Press Release

Asian American Group to Monitor Polls and Poll Voters in NY, NJ, and VA on Election Day


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New York, NY — The Asian American Legal Defense and Education Fund (AALDEF), a 39-year old national civil rights organization, will dispatch over 250 attorneys, law students, and community volunteers to three states to document voter problems on Election Day, November 5. AALDEF will also conduct a nonpartisan multilingual exit poll in six languages to get a snapshot of Asian American voting preferences in these key states in anticipation of next year’s mid-term elections.

The elections that will take place on November 5 in these three states are the mayoral election in New York City and the gubernatorial elections in New Jersey and Virginia. All three of these states have large Asian American populations.

“Issues of great significance to the Asian American community, including immigration, education, and housing, will be affected by the results of these elections,” said AALDEF executive director Margaret Fung. “With so much at stake, we want to ensure that every eligible Asian American can participate in the electoral process.”

The upcoming legislative docket in these four states includes city planning decisions that may affect the rapid gentrification of immigrant neighborhoods (report) and measures to combat the high rate of school bullying of Asian American students (report).

AALDEF’s poll monitoring efforts have taken on heightened significance in light of the Supreme Court decision in Shelby v. Holder, which weakened the preclearance provisions of the Voting Rights Act. AALDEF had successfully used the preclearance process in the past to protect Asian American voters.

“AALDEF’s poll monitoring efforts are more essential than ever,” said Glenn D. Magpantay, Director of AALDEF’s Democracy Program. “The Shelby decision left limited tools to protect vulnerable Asian American voters. We must respond with renewed commitment to safeguarding equal access to the vote.”


  • Ujala Sehgal, Communications Director; 212.966.5932 x217,
  • Glenn Magpantay, Democracy Program Director, 212.966.5932 x206,


In the 2012 elections, Asian Americans had to overcome numerous obstacles to exercise their right to vote. AALDEF volunteers identified mistranslated or missing voting materials, interpreter shortages that led to Asian American voters being turned away, and poll workers who made hostile and racist remarks about Asian American voters. Download the report >

On November 5, AALDEF will monitor over 50 poll sites to ensure compliance with the Voting Rights Act and the Help America Vote Act. These polling places are in areas with large numbers of newly-registered Asian American voters; jurisdictions in which Asian-language assistance is provided; and sites where Asian Americans have reported voting barriers or intimidation in recent elections. Volunteer attorneys will check to see whether Asian-language voting assistance has been provided (such as ballots, interpreters, signs, and voting materials) and whether provisional ballots are offered to voters whose names are not in voter lists. Attorneys will monitor to ensure that voter identification requirements are implemented in a non-discriminatory manner.


AALDEF will conduct a nonpartisan exit poll of Asian American voters in 6 languages: Chinese, Korean, Vietnamese, Bengali, Hindi, and Punjabi. Voters will be asked their preferences in the gubernatorial and local races, top reasons for their choices, party affiliations, whether they are first-time voters, use of Asian-language voting assistance, and specific problems encountered at the polls. The AALDEF exit poll reveals vital information about Asian American voting patterns that is often overlooked in mainstream voter surveys.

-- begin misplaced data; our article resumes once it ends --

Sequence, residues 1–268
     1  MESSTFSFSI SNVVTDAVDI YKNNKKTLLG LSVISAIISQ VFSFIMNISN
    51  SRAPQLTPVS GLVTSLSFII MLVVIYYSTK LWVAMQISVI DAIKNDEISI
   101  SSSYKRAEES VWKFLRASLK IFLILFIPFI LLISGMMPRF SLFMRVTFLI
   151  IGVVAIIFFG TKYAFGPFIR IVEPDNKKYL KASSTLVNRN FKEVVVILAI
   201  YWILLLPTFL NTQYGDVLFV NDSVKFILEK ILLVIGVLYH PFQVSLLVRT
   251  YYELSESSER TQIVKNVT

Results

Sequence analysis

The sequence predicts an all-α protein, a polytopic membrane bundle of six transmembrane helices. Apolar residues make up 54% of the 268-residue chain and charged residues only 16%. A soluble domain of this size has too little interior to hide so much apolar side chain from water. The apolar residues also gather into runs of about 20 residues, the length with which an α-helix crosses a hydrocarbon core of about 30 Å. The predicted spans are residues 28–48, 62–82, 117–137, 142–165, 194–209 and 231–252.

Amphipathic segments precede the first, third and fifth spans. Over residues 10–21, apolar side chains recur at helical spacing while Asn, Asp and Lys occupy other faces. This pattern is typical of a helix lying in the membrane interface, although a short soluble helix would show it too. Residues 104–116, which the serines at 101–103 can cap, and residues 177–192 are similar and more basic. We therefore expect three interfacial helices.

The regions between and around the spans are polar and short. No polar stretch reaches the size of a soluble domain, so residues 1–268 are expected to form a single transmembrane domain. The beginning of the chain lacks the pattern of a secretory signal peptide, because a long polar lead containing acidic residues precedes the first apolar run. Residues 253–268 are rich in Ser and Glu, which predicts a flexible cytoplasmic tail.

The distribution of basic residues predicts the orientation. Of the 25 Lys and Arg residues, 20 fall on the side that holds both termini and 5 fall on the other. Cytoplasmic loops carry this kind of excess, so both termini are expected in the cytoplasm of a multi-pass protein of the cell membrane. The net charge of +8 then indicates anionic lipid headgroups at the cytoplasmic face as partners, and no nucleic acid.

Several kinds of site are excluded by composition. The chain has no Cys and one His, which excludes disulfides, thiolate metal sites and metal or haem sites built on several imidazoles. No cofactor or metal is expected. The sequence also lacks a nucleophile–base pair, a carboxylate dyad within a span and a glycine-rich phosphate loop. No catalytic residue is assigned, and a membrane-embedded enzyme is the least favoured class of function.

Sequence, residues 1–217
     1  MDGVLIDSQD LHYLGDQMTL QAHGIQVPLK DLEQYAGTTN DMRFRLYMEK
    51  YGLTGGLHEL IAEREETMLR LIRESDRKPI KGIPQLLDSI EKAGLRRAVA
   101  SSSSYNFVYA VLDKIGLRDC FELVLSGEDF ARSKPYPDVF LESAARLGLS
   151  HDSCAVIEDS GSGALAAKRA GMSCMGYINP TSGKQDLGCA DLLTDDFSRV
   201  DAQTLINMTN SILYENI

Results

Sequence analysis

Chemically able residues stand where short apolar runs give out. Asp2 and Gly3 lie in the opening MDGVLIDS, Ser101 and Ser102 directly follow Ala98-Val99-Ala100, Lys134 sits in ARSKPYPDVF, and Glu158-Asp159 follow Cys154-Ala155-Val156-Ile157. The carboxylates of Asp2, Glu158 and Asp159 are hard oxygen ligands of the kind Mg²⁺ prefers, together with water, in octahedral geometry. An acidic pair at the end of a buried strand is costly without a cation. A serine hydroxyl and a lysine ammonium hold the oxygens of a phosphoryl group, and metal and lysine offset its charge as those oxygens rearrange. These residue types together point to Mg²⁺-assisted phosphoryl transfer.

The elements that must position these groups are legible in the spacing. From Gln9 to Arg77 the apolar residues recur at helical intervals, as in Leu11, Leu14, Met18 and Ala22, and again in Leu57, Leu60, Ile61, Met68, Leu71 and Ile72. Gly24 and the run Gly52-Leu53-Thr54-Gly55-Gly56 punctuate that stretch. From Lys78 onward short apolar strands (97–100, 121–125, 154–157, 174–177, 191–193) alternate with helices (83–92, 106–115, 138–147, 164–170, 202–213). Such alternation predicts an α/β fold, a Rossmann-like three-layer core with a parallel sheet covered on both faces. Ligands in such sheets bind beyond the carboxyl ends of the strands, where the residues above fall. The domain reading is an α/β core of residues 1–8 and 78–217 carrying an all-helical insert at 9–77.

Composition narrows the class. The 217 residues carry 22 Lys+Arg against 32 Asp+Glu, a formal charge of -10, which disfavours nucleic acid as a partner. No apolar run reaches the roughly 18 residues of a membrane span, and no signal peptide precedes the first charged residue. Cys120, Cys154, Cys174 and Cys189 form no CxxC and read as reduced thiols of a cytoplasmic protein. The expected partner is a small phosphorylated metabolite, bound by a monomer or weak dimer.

AALDEF has conducted exit polls of Asian American voters in every major election since 1988, noting the steadily increasing numbers of new citizen and first-time voters. In the 2012 Presidential election, AALDEF polled 9,096 Asian American voters in 14 states — the largest poll of its kind in the nation – and found that of all Asian Americans polled:

  • 79% were foreign-born naturalized U.S. citizens
  • 27% were first-time voters
  • 37% were limited English proficient
  • 57% were enrolled Democrats, 14% Republican, and 27% not enrolled in any political party
  • 77% voted for Barack Obama and 21% voted for Mitt Romney

Download the report >

MULTILINGUAL VOTER HOTLINE: 800-966-5946 Multilingual volunteers will be at poll sites to take complaints from voters about election irregularities and other barriers to voting. Voters can also report Election Day problems to AALDEF’s toll-free Election Day Hotline at 800-966-5946, or by e-mail at

AALDEF is partnering with nearly 20 national and local groups to mobilize volunteer attorneys, law students, college students and community activists on Election Day:


Asian Pacific American Labor Alliance (APALA)
National Asian Pacific American Bar Association (NAPABA)
National Korean American Service and Education Consortium (NAKASEC)
OCA Asian Pacific American Advocates
South Asian Americans Leading Together (SAALT)


Alliance of South Asian American Labor (ASAAL)
Asian American Society of Central Virginia (AASOCVA)
Asian Pacific American Legal Resource Center (APALRC)
Chhaya CDC
Coalition of Asian Pacific Americans of Virginia (CAPAVA)
MinKwon Center
National Asian Pacific American Women’s Forum (NAPAWF)-DC and NY Chapters


Asian American Bar Association of New York (AABANY)
Asian Pacific American Bar Association of Greater DC (APABA-DC)
Asian Pacific American Lawyers Association of New Jersey (APALA/NJ)
Korean American Lawyers Association of Greater New York (KALAGNY)
Muslim Bar Association of New York (MuBANY)
South Asian Bar Association of New York (SABANY)
South Asian Bar Association of Greater DC